Judgment at Nuremberg
The event the world will never forget
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- Run Time: 3 hours, 6 minutes
- Video: Black & White
- Released: June 9, 2015
- Originally Released: 1961
- Label: KL Studio Classics
- Encoding: Region 1 (USA & Canada)
- Note: "In Conversation" featurette with Abby Mann and Maximilian Schell
- "A Tribute to Stanley Kramer" featurette
- "The Value of a Single Human Being" featurette
- Theatrical trailers
- Aspect Ratio: Widescreen - 1.66
- Dolby Digital 2.0 Stereo
Performers, Cast and Crew:
|Starring||Spencer Tracy, Burt Lancaster, Richard Widmark, Marlene Dietrich, Judy Garland, Maximilian Schell & Montgomery Clift|
|Performer:||William Shatner, Werner Klemperer, Kenneth MacKenna, Torben Meyer, Alan Baxter, Edward Binns, Virginia Christine, Otto Waldis, Karl Swenson, Martin Brandt, Ray Teal, John Wengraf, Ben Wright & Howard Caine|
|Directed by||Stanley Kramer|
|Edited by||Frederic Knudtson|
|Screenwriting by||Abby Mann|
|Composition by||Ernest Gold|
|Produced by||Stanley Kramer|
|Director of Photography:||Ernest Laszlo|
Academy Awards 1961 - Best Actor: Maximilian Schell
Academy Awards 1961 - Best Adapted Screenplay: Abby Mann
Rating: 4/4 -- Absorbing from beginning to end. Full Review
Watchable enough on its own terms, but insufferably glib next to something like Shoah. Full Review
There are no surprises in the direction, and Abby Mann's screenplay plays the expected tunes, but there's enough conviction on display to reward a patient spectator. Full Review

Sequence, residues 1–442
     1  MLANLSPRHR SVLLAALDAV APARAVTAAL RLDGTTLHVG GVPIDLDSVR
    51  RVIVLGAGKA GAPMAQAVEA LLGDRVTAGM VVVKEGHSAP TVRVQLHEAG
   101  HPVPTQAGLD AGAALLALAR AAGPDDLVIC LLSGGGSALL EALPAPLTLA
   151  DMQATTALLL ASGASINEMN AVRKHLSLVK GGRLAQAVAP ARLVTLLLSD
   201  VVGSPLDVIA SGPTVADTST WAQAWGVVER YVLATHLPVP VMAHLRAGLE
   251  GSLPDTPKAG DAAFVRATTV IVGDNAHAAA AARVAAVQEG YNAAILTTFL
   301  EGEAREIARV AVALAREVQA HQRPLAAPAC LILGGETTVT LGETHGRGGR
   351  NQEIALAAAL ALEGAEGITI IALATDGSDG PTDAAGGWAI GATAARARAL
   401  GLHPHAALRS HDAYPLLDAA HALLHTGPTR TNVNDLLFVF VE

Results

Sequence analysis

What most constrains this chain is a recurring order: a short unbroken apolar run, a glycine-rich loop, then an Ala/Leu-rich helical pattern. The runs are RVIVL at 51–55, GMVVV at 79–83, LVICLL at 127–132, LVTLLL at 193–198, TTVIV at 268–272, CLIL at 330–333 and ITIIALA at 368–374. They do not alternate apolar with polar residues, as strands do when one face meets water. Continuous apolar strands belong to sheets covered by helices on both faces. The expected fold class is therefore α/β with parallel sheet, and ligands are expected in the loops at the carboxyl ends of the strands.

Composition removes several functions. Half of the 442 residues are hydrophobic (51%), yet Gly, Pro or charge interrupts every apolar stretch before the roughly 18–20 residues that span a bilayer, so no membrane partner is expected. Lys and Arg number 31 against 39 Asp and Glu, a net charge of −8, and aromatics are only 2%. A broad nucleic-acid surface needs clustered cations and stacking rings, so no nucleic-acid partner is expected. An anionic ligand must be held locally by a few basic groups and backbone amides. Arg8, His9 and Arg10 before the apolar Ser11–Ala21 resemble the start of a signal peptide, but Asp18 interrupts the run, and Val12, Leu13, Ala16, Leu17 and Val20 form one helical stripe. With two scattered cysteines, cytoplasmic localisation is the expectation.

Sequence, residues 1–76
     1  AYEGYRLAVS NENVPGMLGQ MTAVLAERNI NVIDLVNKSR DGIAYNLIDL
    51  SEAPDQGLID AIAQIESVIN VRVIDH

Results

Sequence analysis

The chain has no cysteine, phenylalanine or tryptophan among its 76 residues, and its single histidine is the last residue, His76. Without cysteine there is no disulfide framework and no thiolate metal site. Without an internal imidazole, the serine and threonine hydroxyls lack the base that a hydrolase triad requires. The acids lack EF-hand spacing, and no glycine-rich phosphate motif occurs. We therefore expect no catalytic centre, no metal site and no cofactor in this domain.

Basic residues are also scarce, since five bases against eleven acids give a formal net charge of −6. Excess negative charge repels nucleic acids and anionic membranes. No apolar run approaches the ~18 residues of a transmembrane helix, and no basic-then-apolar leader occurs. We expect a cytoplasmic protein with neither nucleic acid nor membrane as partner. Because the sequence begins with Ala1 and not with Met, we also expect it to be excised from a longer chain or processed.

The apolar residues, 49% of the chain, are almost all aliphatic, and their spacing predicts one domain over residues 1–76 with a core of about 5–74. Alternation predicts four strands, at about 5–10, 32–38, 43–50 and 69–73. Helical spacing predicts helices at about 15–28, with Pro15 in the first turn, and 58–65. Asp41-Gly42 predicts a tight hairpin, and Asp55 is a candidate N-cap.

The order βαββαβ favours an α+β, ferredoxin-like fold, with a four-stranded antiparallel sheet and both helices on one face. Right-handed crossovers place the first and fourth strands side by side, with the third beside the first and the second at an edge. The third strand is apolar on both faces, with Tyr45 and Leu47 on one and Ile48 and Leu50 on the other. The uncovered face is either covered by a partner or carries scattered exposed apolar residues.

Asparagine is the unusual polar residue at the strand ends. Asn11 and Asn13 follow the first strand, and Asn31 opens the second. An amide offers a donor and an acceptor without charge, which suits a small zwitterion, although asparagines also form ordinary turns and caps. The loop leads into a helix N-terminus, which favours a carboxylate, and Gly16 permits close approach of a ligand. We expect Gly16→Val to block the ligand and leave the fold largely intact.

[S]plendid acting....The movie belongs to the subtly powerful Tracy...
[E]ssential viewing for any film lover or history buff.
Rating: B -- A tpical Stanley Kramer's film: Serious (even pompous) and humanist, but essentially middlebrow, courtroom drama that while well-acted is too verbose and fearful of taking sides in the controversy over who's to blame for the Nazi atrocities. Full Review
Tracy delivers a performance of great intelligence and intuition. Full Review
True story dealing with the Nazi war crimes trials of several members of the German judiciary. Here the focus is on two particular individuals, the judge (Spencer Tracey) who must render a final opinion and one particular defendant (Burt Lancaster), a well respected German scholar. The defendant, played by Burt Lancaster, must come to grips with the reality of his actions or inaction. Academy Award Nominations: 11, including Best Picture, Best Director, Best Actor--Spencer Tracy. Academy Awards: 2, including Best Actor--Maximilian Schell, Best Adapted Screenplay.
Classic | Law / Lawyers | Justice | Suspense | Thriller | World War II | Social Issues | Recommended | Nazis | Theatrical Release | Essential Cinema
- Maximilian Schell, the Swiss/Austrian actor, director, and writer, was born December 8, 1930 in Vienna, Austria, the son of poet and playwright Ferdinand Hermann Schell and actress Margarethe Noe. His older sister is the actress Maria Schell (born in 1926). He was educated at the University of Zurich (majoring in art history) and the University of Munich.
Schell's first major motion picture in English was "The Young Lions" (1958), opposite Marlon Brando and Montgomery Clift. He was nominated again for the Best Actor Academy Award for his role in the film version of Robert Shaw's play "The Man in the Glass Booth" (1974), and a film he directed, "The Pedestrian" was nominated for Best Foreign Film the same year.
His role in the film "Julia" (1977) won him a Best Supporting Actor nomination, and his documentary on Marlene Dietrich "Marlene," that he produced in 1984, won worldwide critical acclaim.
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